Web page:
At Mad Fish Digital, or any digital agency, you are guaranteed to hear clients asking, “When can I expect to rank on the first page of Google?” To that we say, “Great question!” The answer is not one that is simply answered and I will explain why.

The Good Ol’ Days of Keyword Rankings

Several years back – circa 2012 – marketing professionals could give clients an honest estimate of when they could expect their keywords to start ranking in Google. Generally it was 1-2 months to see positive results and only about 2-4 months for those keywords to make it to the first page of search results. It was a happy time for SEO companies and a happy time for business owners, because if you played by the rules and followed best practices, you clients could reap the results.

Unfortunately many did not play by the rules and abused Google’s best practices. Google put the smack down on SEO “black hat” tactics that many disreputable agencies were using. This smack down, as it were, took the form of an algorithm update in April 2012, which was nicknamed Panda. Websites that had been acquiring spammy links (unnatural links, links from sites that are unrelated to the business, etc.), keyword stuffing content, and overusing exact match keyword anchor text took a hit in the rankings – some business website even received a manual action penalty from Google.

Throw Out Your 100+ Keyword List

Today, clients should be given keyword ranking expectations upfront that are attainable. Google consistently changes its algorithm in order to improve search engine optimization. Earning that first page ranking requires a strategic and consistent content marketing plan. It is more efficient to focus on improving the rankings for a handful of bread and butter keyword terms with a consistent content marketing plan than to focus on a 100+ keyword list and be disappointed that you aren’t ranking for all of them.

Keyword Research

Keyword results should be measured by monitoring the most important terms, or groups of terms that you are focusing on in your content marketing plan. Keep your eye on the prize. Consistency in your strategy and a little patience continues to be the best way to achieve results.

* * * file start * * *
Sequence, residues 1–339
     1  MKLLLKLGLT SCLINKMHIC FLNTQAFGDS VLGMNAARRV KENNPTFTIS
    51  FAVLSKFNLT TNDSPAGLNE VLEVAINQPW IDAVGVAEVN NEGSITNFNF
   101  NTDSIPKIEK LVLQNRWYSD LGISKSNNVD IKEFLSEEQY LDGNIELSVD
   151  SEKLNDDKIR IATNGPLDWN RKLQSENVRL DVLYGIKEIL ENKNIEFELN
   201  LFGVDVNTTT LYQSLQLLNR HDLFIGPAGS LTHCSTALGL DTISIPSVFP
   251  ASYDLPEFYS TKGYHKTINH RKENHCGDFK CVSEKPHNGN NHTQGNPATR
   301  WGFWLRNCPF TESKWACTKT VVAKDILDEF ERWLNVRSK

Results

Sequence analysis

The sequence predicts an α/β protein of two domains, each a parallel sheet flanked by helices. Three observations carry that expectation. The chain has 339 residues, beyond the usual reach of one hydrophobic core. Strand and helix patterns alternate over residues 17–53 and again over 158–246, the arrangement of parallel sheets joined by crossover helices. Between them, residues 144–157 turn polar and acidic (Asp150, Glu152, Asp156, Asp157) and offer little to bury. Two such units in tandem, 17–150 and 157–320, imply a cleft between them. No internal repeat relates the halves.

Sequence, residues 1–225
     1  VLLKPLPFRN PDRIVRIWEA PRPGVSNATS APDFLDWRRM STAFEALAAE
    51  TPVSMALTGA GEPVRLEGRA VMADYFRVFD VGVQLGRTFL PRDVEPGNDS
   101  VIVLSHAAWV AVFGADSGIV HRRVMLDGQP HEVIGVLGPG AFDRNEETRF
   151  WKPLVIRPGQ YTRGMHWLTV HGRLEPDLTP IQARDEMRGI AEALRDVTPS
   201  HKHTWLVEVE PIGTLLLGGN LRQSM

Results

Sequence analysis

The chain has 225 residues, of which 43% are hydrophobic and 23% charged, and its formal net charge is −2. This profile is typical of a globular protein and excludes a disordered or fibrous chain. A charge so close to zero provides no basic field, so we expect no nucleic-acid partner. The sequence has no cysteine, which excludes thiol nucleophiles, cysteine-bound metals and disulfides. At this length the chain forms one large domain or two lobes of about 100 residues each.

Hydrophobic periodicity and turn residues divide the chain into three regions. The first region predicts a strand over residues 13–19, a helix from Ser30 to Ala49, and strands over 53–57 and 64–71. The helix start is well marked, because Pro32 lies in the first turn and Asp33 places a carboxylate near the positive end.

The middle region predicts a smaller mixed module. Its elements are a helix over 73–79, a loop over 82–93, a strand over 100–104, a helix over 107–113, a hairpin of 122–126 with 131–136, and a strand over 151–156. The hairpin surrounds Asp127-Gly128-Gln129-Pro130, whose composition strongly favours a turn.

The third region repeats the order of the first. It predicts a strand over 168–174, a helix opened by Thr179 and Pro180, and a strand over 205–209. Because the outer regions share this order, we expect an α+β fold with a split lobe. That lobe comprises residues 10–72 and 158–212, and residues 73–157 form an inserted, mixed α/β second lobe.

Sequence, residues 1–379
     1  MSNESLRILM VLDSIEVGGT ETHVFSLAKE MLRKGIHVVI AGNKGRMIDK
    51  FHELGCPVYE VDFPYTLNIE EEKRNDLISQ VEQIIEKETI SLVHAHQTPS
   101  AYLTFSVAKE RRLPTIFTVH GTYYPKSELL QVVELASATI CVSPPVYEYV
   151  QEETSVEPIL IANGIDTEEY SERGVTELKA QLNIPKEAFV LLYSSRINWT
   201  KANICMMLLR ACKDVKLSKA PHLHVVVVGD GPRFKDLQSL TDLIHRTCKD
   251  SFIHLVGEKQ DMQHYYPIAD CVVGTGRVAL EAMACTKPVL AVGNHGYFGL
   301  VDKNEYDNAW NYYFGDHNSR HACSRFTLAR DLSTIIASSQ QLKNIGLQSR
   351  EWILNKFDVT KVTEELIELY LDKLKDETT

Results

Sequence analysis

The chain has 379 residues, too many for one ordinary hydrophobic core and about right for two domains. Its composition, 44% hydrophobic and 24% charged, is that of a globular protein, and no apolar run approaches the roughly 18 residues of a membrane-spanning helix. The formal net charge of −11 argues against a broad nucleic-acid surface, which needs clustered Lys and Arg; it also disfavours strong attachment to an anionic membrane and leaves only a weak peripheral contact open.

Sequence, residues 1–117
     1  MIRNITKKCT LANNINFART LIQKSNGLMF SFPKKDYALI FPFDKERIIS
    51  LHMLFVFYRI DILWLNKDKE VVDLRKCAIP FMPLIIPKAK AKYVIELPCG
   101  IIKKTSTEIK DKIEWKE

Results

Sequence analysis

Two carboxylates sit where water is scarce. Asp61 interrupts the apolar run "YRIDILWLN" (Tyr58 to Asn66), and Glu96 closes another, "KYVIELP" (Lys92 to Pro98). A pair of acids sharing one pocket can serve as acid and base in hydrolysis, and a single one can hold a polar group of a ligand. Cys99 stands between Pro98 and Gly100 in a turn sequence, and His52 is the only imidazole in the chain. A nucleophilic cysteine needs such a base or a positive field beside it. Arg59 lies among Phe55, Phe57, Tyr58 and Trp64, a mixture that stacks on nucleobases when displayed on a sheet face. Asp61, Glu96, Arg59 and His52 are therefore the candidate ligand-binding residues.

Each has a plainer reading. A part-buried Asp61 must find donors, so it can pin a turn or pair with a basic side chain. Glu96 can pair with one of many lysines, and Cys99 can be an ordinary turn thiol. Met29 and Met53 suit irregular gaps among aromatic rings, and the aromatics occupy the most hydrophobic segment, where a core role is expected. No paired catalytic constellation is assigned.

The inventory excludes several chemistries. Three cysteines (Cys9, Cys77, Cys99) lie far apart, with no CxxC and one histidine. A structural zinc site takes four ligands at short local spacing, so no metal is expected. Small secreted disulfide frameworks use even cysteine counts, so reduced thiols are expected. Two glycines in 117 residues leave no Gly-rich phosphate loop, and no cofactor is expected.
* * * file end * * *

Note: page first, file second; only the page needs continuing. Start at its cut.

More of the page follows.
Businesses should not expect to rank for keyword terms if:

  1. They do not have a dedicated website page that includes those terms
  2. They do not produce quality content that is relevant to that term – and on a consistent basis.
  3. They do not fully implement technical SEO best practices on their website

Long-Tail Why?

Some people have heard of long-tail keywords, but even those that don’t know that term understand it as soon as you provide an example.

Query 1: “supplement store Portland”

Query 2: “where can I get vitamins in Portland?”

Query number 2 is considered a “long-tail keyword”. It uses several words, often in the form of a question. If your website holds the answer to that question or has content that is relevant, guess what? You have a better chance of ranking for that search term. Long-tail keywords are very efficient because often the click to your website from those queries is a more qualified lead. Users know what they want and need the answer. So while you might not be ranking for “supplement store Portland” you could be ranking for variations and longer-tail queries that still pertain to your business. Query 2 even suggests by their search that they are ready to buy because they included the word ‘get”.

Incorporating long-tail keyword usage in your content marketing strategy may seem easier said than done and there can be anomalies that can vary by client, industry, competition, and geo area. But the point is that authoring and hosting informative content on your website can go a long way in directing qualified leads to your site. And whether you have a personal blog, an ecommerce store, or you are a local service-based business, becoming an industry authority on the topics you want to rank for builds trust and authority – not only with your visitors, but also with Google.

So Where Do You Start?

By now you may have noticed the common theme here – produce quality, customer-focused content. I cannot stress the importance of this enough. The following are a few helpful hints to get you started on the path to success:

  • Produce quality content! Make it relevant to your business, but do not feel the need to stuff multiple keywords within the blog post, article, etc. Write something that you know your audience will find helpful. Ask yourself, “Would I read this?”
  • Link internally and externally in your content, but only if it is actually helpful to the reader. For example, you might link to an external site that produced a study that you referenced in your article. That is helpful. Linking to ten times in one post is not doing your business any good.
  • Refresh your title tags and meta descriptions. This is SEO 101 and can provide a nice bump to keywords that have been stagnant. Plus, Google’s constant updates often relate to best practices, For example, the title tag character count used to be 65 and now Google suggest 50.

The old saying goes, “Don’t put all of your eggs in one basket” and that is true in the digital marketing world as well. Currently content remains king for ranking organically; however, a comprehensive marketing plan that includes content as well as technical SEO and focused-advertising is the best recipe for success.